The Genomics, Disease Ecology and Global Health Strategic Research Initiative Program and the Eck Institute for Global Health are pleased to announce the awarding of five graduate student fellowships in the areas of genomics and bioinformatics. These are one-year awards that will allow graduate students in the College of Science and the College of Engineering to pursue graduate research programs. This program also encourages collaboration between the two colleges as it relates to making available powerful state-of-the-art tools in the fields of genomics and bioinformatics within the newly established Genomics and Bioinformatics Core Facilities.
The awardees include:
Samuel Rund, Department of Biology, COS – Faculty Advisor: Giles Duffield – to study the molecular basis of the circadian rhythms in the mosquito that transmits malaria, Anopheles gambiae. One possible and novel approach to mosquito control (and thus control of disease transmission) could involve the utilization or disruption of the mosquito’s natural circadian rhythms.
Upeka Samarkoon, Department of Biology, COS– Faculty Advisor: Michael Ferdig - to study the nature and complexity of inheritance of malaria, Plasmodium falcipaurm, genomes. The studies intent to look at the complexity of the nature of inheritance and the types of mutations acquired during and after inheritance, with the objective of better understanding the natural history and evolution of new strains of malaria.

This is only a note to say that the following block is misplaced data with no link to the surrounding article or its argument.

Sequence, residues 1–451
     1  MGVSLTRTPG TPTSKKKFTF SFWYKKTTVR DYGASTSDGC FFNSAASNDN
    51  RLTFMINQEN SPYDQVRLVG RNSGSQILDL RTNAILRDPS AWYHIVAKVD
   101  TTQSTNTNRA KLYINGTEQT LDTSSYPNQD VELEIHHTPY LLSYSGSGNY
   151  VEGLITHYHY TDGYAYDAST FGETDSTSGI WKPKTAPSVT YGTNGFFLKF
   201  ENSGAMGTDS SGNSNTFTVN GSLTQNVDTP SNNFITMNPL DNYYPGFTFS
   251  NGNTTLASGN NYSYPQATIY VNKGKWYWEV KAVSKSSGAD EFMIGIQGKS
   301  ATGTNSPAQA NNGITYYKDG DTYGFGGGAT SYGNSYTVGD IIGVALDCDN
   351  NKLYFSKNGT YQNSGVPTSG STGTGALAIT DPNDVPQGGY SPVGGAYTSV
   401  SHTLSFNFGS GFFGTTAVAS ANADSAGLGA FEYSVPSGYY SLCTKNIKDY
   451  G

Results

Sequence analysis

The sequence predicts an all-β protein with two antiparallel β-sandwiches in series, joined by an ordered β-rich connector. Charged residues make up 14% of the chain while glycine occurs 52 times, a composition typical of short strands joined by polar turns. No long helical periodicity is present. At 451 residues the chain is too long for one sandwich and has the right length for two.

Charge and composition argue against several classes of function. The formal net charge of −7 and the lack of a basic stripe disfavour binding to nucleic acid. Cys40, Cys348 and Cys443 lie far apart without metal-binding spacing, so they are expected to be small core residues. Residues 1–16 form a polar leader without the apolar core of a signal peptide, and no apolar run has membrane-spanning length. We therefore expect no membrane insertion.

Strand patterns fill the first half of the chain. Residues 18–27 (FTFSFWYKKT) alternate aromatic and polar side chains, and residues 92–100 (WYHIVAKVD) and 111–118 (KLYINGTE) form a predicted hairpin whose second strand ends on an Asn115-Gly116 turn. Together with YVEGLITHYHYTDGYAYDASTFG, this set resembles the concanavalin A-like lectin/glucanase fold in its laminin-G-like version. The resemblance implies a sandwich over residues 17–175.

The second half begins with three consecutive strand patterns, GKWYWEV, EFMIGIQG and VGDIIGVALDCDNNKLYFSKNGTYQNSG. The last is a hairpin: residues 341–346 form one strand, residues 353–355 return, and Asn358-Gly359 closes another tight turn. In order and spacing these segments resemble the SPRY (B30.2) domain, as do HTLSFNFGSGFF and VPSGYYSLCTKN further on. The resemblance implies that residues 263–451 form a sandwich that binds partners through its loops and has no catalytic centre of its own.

Geoffrey Siwo, Department of Biology, COS – Faculty Advisor: Michael Ferdig – to study the gene networks involved in the resistance and susceptibility of malaria parasites to the drug chloroquin. The objective of these studies is to identify potential vulnerabilities of drug resistant strains that could be exploited by new intervention strategies or possibly reclaim the use of drugs to which resistance is widespread.
Andrew Rider, Department of Computer Science, COE – Faculty Advisor Scott Emrich – to study new approaches in network/data mining and bioinformatics to analyze metagenomic data sets and the very large computational resources required for this work. Specifically, the studies will be applied to describing gene regulatory networks in the malaria parasite, which will have applications to the study of drug resistance and pathogenicity of the parasite.
Darcy Davis, Department of Computer Science, COE – Faculty Advisor Nitesh Chawla – to utilize patient medical histories and previously discovered disease-gene interactions to construct, analyze and compare a collection of networks to further understand the interaction between patients, diseases and gene. The objective of these studies is to contribute to the development of prediction models (genetic linkages) that represent novel interactions or patient prognoses.